Past the learning curve

Past the learning curve

When one thinks of semi-formal attire, one brand comes to mind a tad faster than the rest – Indian Terrain. Over time, the brand has nurtured this category and engaged its target audience in the age band of 28 to 40 years through a constant process of updation. In fiscal 2011, Indian Terrain is all set to reach its revenue target of Rs. 120 crore and is getting ready for the next level of growth. Its immediate plans include opening 30 more exclusive outlets and 10 shop-in-shops inside retail store, Westside, across India.

Pitching the idea

Indian Terrain was first conceived in the year 2000 by Venkatesh Rajgopal, who is currently the managing director of the company. By virtue of his own experience in the export garments sector through Celebrity Fashions Ltd., Rajgopal possessed critical knowledge of the garment business and worldwide trends in fashion apparel. “The one aspect that always stood out for me was the extra lengths to which a foreign client would go to, in order to ensure quality and delivery of what their brand promised,” says Rajgopal. When Indian Terrain was set up in 2000, the aspiring Indian middle-class held buying potential and lifestyle choices were influenced by exposure to the west. And this is when Rajgopal realised that there was a definite market for western wear in India.

With an initial investment of about Rs. 30 crore and a working capital of another Rs. 20 crore, Rajgopal and his team established an Indian apparel brand that would be defined by quality and style, inspired by sportswear and semi-formal attire worn in the west. The initial years were not Indian Terrain’s best, with focus being on delivery of the product to retailers as against building a brand and establishing itself in the marketplace. However, the setting up of its first exclusive retail store in Alwarpet, Chennai and trading equity for media space with Bennett, Coleman & Co. Ltd, the parent company of Times of India, proved to be two very strategic moves.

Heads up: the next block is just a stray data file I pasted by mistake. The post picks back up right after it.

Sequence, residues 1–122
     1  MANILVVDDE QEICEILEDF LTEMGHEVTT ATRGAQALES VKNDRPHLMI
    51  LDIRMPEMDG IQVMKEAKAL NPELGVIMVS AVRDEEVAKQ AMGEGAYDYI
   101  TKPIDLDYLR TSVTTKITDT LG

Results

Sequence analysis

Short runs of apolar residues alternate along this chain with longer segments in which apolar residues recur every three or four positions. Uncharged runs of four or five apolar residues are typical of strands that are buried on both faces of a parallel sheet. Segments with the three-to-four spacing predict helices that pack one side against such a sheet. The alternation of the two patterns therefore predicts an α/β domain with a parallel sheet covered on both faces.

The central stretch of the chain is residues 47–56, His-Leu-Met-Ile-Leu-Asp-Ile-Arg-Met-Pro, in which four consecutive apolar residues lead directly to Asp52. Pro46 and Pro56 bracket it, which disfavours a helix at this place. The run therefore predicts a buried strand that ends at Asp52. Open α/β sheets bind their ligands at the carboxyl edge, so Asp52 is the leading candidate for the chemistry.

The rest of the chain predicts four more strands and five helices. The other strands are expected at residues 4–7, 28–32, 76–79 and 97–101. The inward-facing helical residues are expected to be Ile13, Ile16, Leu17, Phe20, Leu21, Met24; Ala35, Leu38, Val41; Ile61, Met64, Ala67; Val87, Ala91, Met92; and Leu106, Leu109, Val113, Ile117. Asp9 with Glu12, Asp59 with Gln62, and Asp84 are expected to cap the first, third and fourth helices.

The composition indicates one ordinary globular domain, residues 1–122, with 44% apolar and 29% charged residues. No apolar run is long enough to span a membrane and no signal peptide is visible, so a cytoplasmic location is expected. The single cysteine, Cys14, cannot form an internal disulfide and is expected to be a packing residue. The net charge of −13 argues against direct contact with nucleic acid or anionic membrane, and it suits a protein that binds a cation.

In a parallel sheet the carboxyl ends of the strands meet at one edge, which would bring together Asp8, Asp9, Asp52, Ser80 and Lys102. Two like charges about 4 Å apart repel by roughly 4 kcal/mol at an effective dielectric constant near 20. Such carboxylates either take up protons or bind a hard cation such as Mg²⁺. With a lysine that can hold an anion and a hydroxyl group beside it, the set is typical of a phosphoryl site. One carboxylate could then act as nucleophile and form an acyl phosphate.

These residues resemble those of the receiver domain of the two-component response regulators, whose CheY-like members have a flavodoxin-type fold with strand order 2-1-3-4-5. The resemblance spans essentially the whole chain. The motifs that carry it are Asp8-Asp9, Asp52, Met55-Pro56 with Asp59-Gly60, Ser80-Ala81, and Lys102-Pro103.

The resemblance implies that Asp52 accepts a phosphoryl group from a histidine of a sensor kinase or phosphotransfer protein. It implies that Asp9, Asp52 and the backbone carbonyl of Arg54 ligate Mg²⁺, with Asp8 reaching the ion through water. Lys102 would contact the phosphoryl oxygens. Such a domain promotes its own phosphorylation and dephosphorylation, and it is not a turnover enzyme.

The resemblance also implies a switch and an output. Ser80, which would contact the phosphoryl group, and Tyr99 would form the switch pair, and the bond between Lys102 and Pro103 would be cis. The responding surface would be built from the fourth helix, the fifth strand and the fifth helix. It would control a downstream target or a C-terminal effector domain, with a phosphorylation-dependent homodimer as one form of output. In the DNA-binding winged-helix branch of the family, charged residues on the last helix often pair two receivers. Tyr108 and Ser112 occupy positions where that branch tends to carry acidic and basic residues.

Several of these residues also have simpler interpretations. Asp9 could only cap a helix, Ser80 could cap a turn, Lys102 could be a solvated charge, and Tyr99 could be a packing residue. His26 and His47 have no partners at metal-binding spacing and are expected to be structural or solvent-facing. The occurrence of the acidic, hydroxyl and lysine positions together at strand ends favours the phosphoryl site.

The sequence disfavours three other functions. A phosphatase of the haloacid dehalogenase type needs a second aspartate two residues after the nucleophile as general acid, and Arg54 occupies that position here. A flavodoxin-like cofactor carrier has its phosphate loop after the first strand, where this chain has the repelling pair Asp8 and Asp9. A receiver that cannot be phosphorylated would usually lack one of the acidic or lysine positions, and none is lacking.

Experimenting with communication

Rajgopal holds on to his sense of humour while describing the experimental advertising Indian Terrain indulged in. One such idea on Indian Terrain’s learning curve was its first advertising campaign, which focused on the global Indian, but fell flat and did not hit the mark of representing Indian Terrain as a brand that spelled aspiration. A venture into the world of television commercials also proved to be a bad move, as the company simply did not have the required budget to advertise on the medium. Lessons were learnt and with Kunal Kapoor coming on board as brand ambassador, it became evident to the team as to what works in the Indian market and what does not.

The brand has never been comfortable with stagnation. It has always tried to evolve new strategies and one such was its foray into the women’s apparel market. Rajgopal points out that this move did not prove wise despite getting an expert to help conceptualise the line. He attributes the failure of the women’s line to cultural factors that were not factored in. Noting the positives, Rajgopal says one move that did help define the brand was its tag line, which simply states ‘Just be’. The thinking behind it was that every individual already had his or her own dreams and the brand should just be a part of these aspirations.